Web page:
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Recovering from Addiction to Prescription Medications

I never thought of myself as an addict, but I did end up addicted to anti-anxiety medication after developing Generalized Anxiety Disorder. At some point, the medicine stopped being a way to deal with the nervousness and panic attacks, and became something my body craved. I knew that I needed help fast. Fortunately, a local drug rehab program includes support for people like me. They helped me wean off the medication, use methods like massage therapy to help my nerves heal, and even provided ongoing counseling for our family. I don't know how I would have made it without their help. If you suspect that your medication has crossed the line from being helpful to hurtful, take heart. Let me tell you about my journey out of addiction and back to wholeness.

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Recovering from Addiction to Prescription Medications

Muscle Building Exercises That Can Help Competitive Skiers Avoid Knee Injuries

by Valerie Stevens

Competitive skiers know how common knee injuries, like ACL tears and MCL sprains, are in their sport. One of the best ways to avoid this type of injury is to build up core muscles and leg muscles that allow the skier greater control and prevent injury-causing falls out on the slopes.

The best time of year to begin building muscle is before the season begins. Going into the fall months, competitive skiers should get in the habit of doing some routine exercises that will help them get through the ski season with strong and injury-free knees.

The following are four of the best exercises for building core and leg muscles to minimize the risks that a knee injury will keep you off the slopes his winter:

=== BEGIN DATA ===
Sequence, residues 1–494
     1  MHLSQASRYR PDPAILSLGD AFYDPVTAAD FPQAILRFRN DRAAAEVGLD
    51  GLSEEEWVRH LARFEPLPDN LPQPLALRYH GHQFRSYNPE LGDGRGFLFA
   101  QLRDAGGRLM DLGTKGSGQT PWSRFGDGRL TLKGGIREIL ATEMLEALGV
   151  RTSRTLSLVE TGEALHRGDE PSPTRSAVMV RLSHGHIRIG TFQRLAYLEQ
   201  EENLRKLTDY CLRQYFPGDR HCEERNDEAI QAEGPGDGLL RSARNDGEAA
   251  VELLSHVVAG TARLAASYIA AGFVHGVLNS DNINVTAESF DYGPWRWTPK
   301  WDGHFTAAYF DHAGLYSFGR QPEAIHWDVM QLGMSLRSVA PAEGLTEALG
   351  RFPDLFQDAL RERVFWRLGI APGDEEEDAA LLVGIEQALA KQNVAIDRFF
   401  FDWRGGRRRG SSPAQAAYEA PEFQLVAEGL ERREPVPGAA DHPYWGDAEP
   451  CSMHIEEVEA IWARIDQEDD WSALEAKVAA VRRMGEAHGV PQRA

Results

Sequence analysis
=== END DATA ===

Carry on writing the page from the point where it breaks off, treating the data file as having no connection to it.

Single and double leg squats

Skiers frequently go into a squat position when on the slopes to lower their center of gravity and to decrease wind resistance when attempting to pick up speed. Squats work the gluteal muscles, which are core muscles that stabilize the body during athletic activity. 

Doing squats requires you to keep your feet shoulder width apart on the ground and bend the knees while facing forward. You'll want to stick your bottom back as you bend down and keep your shins parallel. Doing this movement on only one leg not only builds more strength, but it also helps you work on building your balance. 

Leg press

If you go to a gym, you can use a leg press machine to build quad strength. One advantage of using a leg press machine is that it reduces the stress on your joints caused by some other exercises like lunges and squats. 

Leg presses simply involve lying back and pushing a weight upwards with either both of your legs or one leg. 

Heel raises

Heel raises work your calf muscles. These are not core muscles, but they surround your knee muscles and can increase the overall stability of your legs if they are strengthened. 

When you do heel raises, you can stand with your weight on the tips of your toes and your toes balanced on the edge of a stair or box. Then, pump your feet up and hold yourself up on the tips of your toes before lowering yourself back down and repeating.

Side-to-side skater steps

Skater steps work your core pelvic muscles. You can do this exercise by standing up on one leg and stepping to the side with the other leg. Then, put your weight on that leg and balance on that leg before switching back. Go back and forth, switching legs until you feel it working your thigh and butt muscles, and use a resistance band around your legs for even greater effectiveness. 

For more tips on building muscle to prevent injury, contact a company like Holly Heights Nursing Home.

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